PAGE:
We’re living in an extraordinary time, with the impact of the epidemic not just raising the cost of living and inflation rates but contributing to the lowest unemployment figures we’ve seen since 1974.
But there is a part of our community who are not reaping the benefits of the jobs boom.
There remain significant barriers for people with a disability to enter the job market and find employment that uses their significant diversity and skills. Many advocates have written about the advantages of employing people with a disability, but employers remain reluctant to embrace their differences or acknowledge the skills and strengths they bring to a business.
The definition of ‘disability’ used for government employment-related purposes is based on the Australian Bureau of Statistics’ Survey of Disability, Ageing and Carers.
“Persons are considered to have a disability if they have a limitation, restriction or impairment, which has lasted, or is likely to last, for at least six months and restricts everyday activities.”
The unemployment rate for people with a disability in Australia in 2022 stands at 10 per cent, compared with 4.6 per cent of people without a disability, according to the Australian Institute of Health and Welfare.
And yet, the concatenation of circumstances over the last few years has given employers an unprecedented opportunity to address labour shortages and at the same time, the unemployment rate of people with a disability.
With the uptake of home-based working during the pandemic, it has been obvious that it is possible to conduct business from a home office effectively. Working from home presents some solutions for people with a disability, and an opportunity to increase their participation rate in employment. For a start, access to an office building and transport can be a big barrier for a person managing a disability. Flexibility in working hours is also a barrier but can be solved by working from home at a pace and at the time that suits the employee.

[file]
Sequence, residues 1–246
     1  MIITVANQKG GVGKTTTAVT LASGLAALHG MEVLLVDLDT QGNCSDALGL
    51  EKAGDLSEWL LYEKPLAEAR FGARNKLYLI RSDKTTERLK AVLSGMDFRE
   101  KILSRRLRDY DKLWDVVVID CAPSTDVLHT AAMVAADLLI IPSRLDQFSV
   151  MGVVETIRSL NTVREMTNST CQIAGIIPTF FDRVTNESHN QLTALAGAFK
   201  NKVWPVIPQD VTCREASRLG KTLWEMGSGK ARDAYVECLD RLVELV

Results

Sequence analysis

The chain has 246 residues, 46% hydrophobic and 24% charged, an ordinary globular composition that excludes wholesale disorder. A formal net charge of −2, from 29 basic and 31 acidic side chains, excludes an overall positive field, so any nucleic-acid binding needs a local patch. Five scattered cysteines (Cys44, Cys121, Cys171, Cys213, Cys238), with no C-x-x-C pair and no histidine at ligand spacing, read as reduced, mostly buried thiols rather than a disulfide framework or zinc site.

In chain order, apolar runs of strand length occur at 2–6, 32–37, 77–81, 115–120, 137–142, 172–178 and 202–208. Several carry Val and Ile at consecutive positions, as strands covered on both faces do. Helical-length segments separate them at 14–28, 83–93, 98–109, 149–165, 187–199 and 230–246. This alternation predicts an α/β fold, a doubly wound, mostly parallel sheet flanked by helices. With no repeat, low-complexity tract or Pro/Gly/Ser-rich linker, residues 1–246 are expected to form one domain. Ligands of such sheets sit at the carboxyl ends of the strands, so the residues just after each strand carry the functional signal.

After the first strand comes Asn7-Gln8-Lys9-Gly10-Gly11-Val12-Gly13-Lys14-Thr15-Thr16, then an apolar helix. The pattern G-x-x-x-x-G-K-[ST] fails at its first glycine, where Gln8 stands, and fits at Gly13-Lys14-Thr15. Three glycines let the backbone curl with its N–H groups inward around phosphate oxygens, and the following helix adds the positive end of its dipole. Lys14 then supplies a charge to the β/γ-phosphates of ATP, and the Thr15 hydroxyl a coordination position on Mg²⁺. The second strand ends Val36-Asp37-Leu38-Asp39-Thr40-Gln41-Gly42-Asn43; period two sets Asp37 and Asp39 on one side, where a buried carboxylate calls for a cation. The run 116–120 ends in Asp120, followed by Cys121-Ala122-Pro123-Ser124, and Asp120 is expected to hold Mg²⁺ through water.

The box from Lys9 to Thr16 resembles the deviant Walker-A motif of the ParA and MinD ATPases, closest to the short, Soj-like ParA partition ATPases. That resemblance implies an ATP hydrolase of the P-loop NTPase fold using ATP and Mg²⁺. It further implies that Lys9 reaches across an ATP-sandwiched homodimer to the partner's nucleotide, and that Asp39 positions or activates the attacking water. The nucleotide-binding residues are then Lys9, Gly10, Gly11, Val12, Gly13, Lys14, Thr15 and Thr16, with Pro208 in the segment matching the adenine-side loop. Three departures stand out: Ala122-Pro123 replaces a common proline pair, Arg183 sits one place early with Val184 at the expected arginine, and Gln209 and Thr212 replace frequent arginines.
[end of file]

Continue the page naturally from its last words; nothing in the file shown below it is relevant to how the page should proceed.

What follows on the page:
Working from home means that all accessibility modifications needed by a person with a disability are already in place, and we certainly have the technology to enable home-based work, using cloud technology and VoIP communications.
When it comes to skills and abilities, people with disabilities are just as educated, just as ambitious, often just as experienced and motivated as the rest of the population. Seventeen percent of people who are looking for work and who have a disability have a bachelor’s degree or higher educational qualification.
And, studies have shown people with a disability are just as motivated and productive as those without a disability, and there is a greater level of retention – they are less likely to move on and more likely to be your longest serving employees. Employees with a disability take fewer days off, take less sick leave, and have fewer compensation claims or accidents at work than their non-disabled counterparts.
Employing people with a disability has also been shown to boost workplace morale and enhance teamwork, and strengthen relationships with customers.
Maybe it is time we all stopped to consider how we can improve the culture of our workplaces, access the skilled labour we need, and solve the unemployment inequalities that persist for people with a disability.
Everyone must have access to participate fully in our economy, and our community.